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Emergency Medicine International
Volume 2015, Article ID 563139, 4 pages
http://dx.doi.org/10.1155/2015/563139
Clinical Study

Ultrasound Guided Intravenous Access by Nursing versus Resident Staff in a Community Based Teaching Hospital: A “Noninferiority” Trial

1Emergency Department, Southern Ohio Medical Center, Portsmouth, OH 45662, USA
2CORE Research Office, Ohio University Heritage College of Osteopathic Medicine, Athens, OH 45701, USA

Received 28 May 2015; Revised 15 July 2015; Accepted 19 August 2015

Academic Editor: Wen-Jone Chen

Copyright © 2015 Thomas Carter et al. This is an open access article distributed under the Creative Commons Attribution License, which permits unrestricted use, distribution, and reproduction in any medium, provided the original work is properly cited.

Abstract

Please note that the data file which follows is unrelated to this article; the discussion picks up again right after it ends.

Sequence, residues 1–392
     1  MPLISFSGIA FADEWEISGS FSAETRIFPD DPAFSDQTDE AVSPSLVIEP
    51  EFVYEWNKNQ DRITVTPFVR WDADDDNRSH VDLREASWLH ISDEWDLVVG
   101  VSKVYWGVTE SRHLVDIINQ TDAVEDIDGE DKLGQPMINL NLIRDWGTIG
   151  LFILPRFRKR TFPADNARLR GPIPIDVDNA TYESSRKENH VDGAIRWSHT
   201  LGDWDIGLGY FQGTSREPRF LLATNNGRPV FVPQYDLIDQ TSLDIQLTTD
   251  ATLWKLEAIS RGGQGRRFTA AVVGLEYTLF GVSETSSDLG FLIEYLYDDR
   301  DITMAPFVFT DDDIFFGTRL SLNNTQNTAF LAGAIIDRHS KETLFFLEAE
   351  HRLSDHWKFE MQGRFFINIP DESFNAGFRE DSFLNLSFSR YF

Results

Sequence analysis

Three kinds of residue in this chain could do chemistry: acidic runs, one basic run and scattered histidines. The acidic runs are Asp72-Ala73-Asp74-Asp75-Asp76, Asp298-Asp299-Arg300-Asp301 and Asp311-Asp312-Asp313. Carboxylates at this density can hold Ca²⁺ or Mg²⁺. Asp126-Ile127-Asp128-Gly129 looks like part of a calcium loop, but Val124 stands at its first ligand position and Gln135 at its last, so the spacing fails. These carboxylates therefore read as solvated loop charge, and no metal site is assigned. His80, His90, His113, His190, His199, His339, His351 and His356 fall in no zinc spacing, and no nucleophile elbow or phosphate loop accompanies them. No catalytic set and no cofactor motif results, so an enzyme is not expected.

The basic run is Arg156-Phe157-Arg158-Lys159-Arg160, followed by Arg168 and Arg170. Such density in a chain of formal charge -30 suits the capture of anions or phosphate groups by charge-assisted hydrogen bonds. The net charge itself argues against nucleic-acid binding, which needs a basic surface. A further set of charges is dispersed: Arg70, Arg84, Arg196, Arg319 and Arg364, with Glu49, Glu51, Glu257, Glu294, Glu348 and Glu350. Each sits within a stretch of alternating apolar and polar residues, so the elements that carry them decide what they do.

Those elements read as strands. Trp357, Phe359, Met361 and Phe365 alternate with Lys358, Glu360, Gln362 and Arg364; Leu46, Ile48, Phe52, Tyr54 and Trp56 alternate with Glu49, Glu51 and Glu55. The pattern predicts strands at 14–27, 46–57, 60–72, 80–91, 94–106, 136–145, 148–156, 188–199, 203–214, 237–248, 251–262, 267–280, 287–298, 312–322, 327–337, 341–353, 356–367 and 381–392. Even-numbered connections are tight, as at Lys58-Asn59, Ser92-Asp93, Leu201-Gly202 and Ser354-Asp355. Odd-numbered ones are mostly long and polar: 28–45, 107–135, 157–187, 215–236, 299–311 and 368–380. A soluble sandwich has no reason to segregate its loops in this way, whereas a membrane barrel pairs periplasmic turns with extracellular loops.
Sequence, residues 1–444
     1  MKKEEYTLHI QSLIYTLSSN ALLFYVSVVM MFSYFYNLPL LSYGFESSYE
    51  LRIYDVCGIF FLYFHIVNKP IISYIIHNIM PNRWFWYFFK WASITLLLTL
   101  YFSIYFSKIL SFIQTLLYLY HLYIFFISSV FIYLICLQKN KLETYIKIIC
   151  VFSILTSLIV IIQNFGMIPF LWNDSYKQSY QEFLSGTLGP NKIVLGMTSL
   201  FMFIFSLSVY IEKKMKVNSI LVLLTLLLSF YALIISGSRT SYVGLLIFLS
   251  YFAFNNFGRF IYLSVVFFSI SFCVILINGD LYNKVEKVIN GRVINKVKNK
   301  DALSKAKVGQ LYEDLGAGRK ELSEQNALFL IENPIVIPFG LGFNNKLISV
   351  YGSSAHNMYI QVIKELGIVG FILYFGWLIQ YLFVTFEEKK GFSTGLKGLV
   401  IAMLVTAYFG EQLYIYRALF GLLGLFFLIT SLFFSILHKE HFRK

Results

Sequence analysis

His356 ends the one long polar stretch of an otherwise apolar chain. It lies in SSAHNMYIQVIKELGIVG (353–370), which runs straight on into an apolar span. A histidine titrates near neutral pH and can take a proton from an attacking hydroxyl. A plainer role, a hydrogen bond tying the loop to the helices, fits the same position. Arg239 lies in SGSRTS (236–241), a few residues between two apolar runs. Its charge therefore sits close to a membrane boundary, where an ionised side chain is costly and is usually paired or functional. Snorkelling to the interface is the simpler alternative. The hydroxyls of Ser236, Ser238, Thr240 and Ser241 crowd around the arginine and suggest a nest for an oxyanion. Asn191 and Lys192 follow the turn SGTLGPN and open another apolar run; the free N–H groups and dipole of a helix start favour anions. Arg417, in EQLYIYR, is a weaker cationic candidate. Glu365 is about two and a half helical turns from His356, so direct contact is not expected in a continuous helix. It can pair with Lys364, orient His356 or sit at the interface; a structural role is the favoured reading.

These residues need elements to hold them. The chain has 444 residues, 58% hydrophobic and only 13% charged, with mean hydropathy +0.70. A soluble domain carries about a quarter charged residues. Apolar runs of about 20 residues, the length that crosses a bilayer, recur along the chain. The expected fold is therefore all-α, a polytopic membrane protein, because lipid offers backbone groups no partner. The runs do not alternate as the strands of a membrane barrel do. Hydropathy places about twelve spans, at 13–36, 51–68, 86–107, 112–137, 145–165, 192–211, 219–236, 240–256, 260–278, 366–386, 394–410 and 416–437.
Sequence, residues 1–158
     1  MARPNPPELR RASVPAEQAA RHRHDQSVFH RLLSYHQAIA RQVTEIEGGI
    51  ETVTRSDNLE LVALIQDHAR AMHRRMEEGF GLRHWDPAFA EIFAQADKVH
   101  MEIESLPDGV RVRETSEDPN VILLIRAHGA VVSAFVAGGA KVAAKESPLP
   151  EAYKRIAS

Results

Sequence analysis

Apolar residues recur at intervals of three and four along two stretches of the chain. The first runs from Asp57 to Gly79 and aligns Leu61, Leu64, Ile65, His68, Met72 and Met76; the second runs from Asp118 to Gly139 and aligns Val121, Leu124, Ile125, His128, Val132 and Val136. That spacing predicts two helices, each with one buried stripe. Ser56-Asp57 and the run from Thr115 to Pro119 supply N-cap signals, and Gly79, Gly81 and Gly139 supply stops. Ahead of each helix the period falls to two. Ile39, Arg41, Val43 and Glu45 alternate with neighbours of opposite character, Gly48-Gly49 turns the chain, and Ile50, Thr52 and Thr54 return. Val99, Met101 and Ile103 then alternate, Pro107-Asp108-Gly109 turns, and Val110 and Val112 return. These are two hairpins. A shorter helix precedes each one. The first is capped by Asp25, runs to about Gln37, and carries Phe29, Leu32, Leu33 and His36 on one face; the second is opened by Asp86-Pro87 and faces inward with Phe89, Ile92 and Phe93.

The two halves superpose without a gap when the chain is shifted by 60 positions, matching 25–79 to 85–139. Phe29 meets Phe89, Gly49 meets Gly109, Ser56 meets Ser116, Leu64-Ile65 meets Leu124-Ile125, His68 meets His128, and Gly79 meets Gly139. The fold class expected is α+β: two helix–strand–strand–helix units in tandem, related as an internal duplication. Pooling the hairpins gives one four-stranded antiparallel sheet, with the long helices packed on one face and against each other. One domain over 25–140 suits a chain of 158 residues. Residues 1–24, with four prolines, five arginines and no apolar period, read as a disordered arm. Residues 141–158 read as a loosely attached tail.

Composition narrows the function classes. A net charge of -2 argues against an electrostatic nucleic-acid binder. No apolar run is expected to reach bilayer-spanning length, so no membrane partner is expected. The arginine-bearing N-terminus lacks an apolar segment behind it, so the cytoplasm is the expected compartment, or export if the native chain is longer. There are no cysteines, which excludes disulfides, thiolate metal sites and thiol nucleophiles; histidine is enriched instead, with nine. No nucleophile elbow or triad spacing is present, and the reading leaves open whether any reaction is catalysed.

Objectives. Ultrasound (US) guidance is a safe and effective method for peripheral intravenous (IV) catheter placement. However, no studies have directly compared the success rate of emergency medicine (EM) residents and nurses at using this technique especially in community hospital settings. This prospective “noninferiority” study sought to demonstrate that nursing staff are at least as successful as EM residents at placing US guided IVs. Methods. A group of 5 EM residents and 11 nurse volunteers with at least two years’ experience underwent training sessions in hands-on practice and didactic instruction with prospective follow-up. Two failed attempts on a patient using standard approach by an emergency department (ED) nurse were deemed to be “difficult sticks” and randomly assigned to either a nurse or resident, based on the day they presented. Results. A total of 90 attempts, consisting of trials on 90 patients, were recorded with a success rate of 85% and 86% for residents and nurses, respectively. With a value of .305, there was no statistically significant difference in the success rate between the residents and nurses. Conclusion. Properly trained nursing staff can be as equally successful as EM residents in placing US guided intravenous lines.